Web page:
adrian j boris
19/8/2019
17:03
Https://markets.businessinsider.com/commodities/iron-ore-price Iron Ore 94.36USD 0.75(0.79%) Gold COMEX 1,511.20 -0.81% Silver COMEX 16.95 -1.00% Platinum NYMEX 858.90 +0.87% Copper COMEX 2.60 +0.25% Brent Crude Oil NYMEX 59.36 +1.23% Gasoline NYMEX 1.53 +0.45% Natural Gas NYMEX 2.17 -1.50% (WTI) 55.66 USD +0.87% Rio Tinto 4,065 +1.50% Bhp 1,781.4 +1.49% Anglo American 1,739.6 +2.43% Glencore 232.95 +3.81%
waldron
19/8/2019
17:03
Https://markets.businessinsider.com/commodities/iron-ore-price Iron Ore 94.36USD 0.75(0.79%) Gold COMEX 1,511.20 -0.81% Silver COMEX 16.95 -1.00% Platinum NYMEX 858.90 +0.87% Copper COMEX 2.60 +0.25% Brent Crude Oil NYMEX 59.36 +1.23% Gasoline NYMEX 1.53 +0.45% Natural Gas NYMEX 2.17 -1.50% (WTI) 55.66 USD +0.87% Rio Tinto 4,065 +1.50% Bhp 1,781.4 +1.49% Anglo American 1,739.6 +2.43% Glencore 232.95 +3.81%
waldron
18/8/2019
07:09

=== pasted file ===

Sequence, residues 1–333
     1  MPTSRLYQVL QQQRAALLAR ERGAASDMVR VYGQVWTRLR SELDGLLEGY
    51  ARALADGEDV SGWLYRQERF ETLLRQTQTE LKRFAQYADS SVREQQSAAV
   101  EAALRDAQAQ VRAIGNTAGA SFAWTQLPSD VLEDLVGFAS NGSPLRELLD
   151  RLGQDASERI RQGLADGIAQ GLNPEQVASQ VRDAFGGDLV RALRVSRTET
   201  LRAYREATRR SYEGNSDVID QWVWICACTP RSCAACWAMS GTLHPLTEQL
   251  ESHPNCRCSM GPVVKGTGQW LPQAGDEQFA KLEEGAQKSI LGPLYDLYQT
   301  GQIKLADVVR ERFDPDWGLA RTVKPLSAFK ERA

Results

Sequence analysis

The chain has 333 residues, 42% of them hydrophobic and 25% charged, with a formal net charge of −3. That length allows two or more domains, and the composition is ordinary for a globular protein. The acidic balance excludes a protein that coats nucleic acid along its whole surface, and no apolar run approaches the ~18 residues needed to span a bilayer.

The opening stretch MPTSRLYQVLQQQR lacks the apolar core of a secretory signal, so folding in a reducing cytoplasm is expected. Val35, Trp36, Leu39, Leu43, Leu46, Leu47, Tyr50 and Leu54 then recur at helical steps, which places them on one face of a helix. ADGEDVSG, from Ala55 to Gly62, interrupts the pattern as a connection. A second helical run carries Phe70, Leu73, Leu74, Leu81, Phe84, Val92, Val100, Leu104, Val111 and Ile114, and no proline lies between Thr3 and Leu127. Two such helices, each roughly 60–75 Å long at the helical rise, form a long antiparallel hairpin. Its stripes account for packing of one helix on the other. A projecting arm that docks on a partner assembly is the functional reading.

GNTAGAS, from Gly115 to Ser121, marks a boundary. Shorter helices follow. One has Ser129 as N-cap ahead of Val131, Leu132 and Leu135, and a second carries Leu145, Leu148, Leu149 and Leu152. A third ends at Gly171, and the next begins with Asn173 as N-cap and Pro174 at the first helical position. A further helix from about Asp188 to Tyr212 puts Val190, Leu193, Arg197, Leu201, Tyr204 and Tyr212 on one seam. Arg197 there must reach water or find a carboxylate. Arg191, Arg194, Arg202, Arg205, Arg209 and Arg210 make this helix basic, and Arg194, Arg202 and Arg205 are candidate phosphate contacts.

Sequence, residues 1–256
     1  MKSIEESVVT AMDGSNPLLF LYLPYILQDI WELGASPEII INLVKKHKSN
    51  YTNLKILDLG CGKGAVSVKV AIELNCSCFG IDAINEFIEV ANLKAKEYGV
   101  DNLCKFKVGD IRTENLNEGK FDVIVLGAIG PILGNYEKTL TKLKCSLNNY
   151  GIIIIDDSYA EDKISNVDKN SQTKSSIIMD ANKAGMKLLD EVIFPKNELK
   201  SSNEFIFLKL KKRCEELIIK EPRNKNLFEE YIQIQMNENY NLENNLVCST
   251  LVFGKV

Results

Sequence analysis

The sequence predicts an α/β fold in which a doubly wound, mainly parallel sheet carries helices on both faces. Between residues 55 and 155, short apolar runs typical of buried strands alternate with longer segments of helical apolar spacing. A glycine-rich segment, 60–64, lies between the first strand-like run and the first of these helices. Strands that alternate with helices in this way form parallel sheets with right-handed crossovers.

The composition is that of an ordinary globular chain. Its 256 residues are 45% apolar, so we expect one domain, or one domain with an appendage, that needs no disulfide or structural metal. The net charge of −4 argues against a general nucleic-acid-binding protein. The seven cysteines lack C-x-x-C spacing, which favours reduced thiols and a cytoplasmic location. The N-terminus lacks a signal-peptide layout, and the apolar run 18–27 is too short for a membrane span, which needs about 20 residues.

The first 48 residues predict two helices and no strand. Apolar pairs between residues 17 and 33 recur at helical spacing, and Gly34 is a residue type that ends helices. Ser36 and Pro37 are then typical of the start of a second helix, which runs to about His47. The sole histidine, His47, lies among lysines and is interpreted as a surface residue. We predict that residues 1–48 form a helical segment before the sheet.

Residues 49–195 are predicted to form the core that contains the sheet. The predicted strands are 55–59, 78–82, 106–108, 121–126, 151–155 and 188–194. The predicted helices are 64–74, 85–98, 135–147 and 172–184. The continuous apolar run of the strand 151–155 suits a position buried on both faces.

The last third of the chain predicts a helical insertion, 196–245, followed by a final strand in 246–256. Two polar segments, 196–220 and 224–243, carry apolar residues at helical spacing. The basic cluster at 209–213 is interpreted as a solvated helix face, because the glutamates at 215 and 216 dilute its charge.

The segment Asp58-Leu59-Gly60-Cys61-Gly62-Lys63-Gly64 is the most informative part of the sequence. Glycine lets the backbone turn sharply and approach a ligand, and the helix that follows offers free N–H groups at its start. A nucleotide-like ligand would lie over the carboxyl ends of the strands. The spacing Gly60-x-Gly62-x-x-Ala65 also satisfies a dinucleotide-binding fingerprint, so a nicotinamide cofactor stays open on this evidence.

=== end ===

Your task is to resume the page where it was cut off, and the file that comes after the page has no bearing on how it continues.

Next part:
the motelz fool Why This Miner Is Excited About Copper Copper prices are down, but Teck is still looking forward to completing a big investment in the space. Reuben Gregg Brewer Reuben Gregg Brewer (TMFReubenGBrewer) Aug 17, 2019 at 6:03PM Teck Resources (NYSE:TECK) is a diversified Canadian miner that recently wrapped up a big oil investment. With that project now complete, the miner has started to mend its balance sheet and it is looking to its next big investment, this time in the copper space. Copper prices are weak right now, but Teck's management is still excited about this multibillion-dollar project. Here's what you need to know. Thinking long term Teck's investment in the Fort Hills oil sands project was green-lighted in late 2013. Roughly eight months later, oil prices had fallen into a deep bear market, taking the price of the commodity from over $100 per barrel to the $30 range. It was a devastating blow to the oil industry, with some of the weaker names in the space seeking out bankruptcy protections. A mine tunnel with lights on in the distance Image source: Getty Images. But Teck, which is partnered with Suncor Energy (NYSE:SU) and France's Total (NYSE:TOT) on the Fort Hills project, didn't waver in its commitment. That remained true even after Total reduced its stake, selling a portion of its investment to Suncor in late 2015. Teck held firm, owning 20%. As the project was starting to near completion, Total was again looking to trim its exposure, only this time, both Suncor and Teck were willing buyers. Teck now owns roughly 21% of the project. This commitment is notable because it wasn't just oil that had fallen into a bear market; the entire commodity market was weak while Fort Hills was being built. That led to a lot of red ink at Teck as its steelmaking coal, copper, and zinc mines were facing price headwinds. There were also material concerns about the miner's leverage. It would have been easier, perhaps, for Teck to cut and run, selling out to Suncor like Total had and using the cash to pay down debt. But Teck didn't do that, and now the project is up and running...and contributing to the top and bottom lines. Oil prices, meanwhile, are well off the lows seen during the deep downturn that started in mid-2014. To be fair, oil prices remain volatile, but that's partly the point, since investing in long-lived assets requires a long-term commitment given that commodity prices wax and wane over time. All in, the Fort Hills investment has worked out pretty well, adding a fourth major commodity to Teck's mix and contributing positively to EBITDA (earnings before interest, taxes, depreciation, and amortization) in the first and second quarters of 2019 despite volatile oil prices. What's next? This brings Teck to its next big investment, a 60% stake in the QB2 copper mine development project in northern Chile. To be fair, that stake was around 90% at one point, but it sold a portion of its position to Sumitomo Metal Mining Co. in late 2018 to raise cash for the project. That move helped to reduce the amount of capital Teck would need to contribute to QB2 and still left it with a huge ownership position. This was a balance sheet-friendly move investors should appreciate. The problem with QB2 right now, though, is that copper prices have been falling because of concerns about global economic growth. Copper is an industrial metal, with demand and prices largely following along with economic cycles. So investing in a big new copper mine today could easily be seen as a concerning choice. However, as the Fort Hills project shows, Teck thinks long term. For starters, the miner explains that QB2 is a high-quality mine with a long reserve life. It is also expected to have relatively low operating costs. So it is the type of mine that Teck would like to own, assuming it lives up to expectations once it is completed. In fact, Teck expects to see unlevered returns of 14% to 18% on this investment (levered returns could be as high as 40%). And it also has expansion opportunities, with the prospects for a QB3 mine already being explored. But what about those pesky copper prices? There's even some good news on that front. Yes, copper prices are weak today, but Teck's long-term outlook calls for demand increasing by at least 1.5% a year through 2024. There are currently enough projects in the works around the world to meet that level of demand growth. However, if demand exceeds that, there could be notable supply shortfalls. The company's high-end estimate for demand suggests a 3.1 million metric ton gap between supply and demand. Now add in the fact that currently weak copper prices could lead to an investment pullback within the space (though Teck shows no signs of slowing down), and shortfalls look even more likely. In other words, Teck's project may seem questionable if you look at the current copper market, but if you take a longer-term view of things, it looks like a good bet. Shifting gears again Teck's Fort Hills commitment allowed it to successfully expand into a fourth major commodity despite the concerns about oil as it was being built. The QB2 project that's currently in the works will increase the company's exposure to copper and, thus, reduce its reliance on steel making coal to create a more diversified company overall. Although copper prices are weak today, QB2 looks like a good project, and the long-term benefits to Teck are worthwhile. Add in the supply/demand outlook, and investors willing to think long term, along with Teck's management team, should like the outlook for this big copper dig.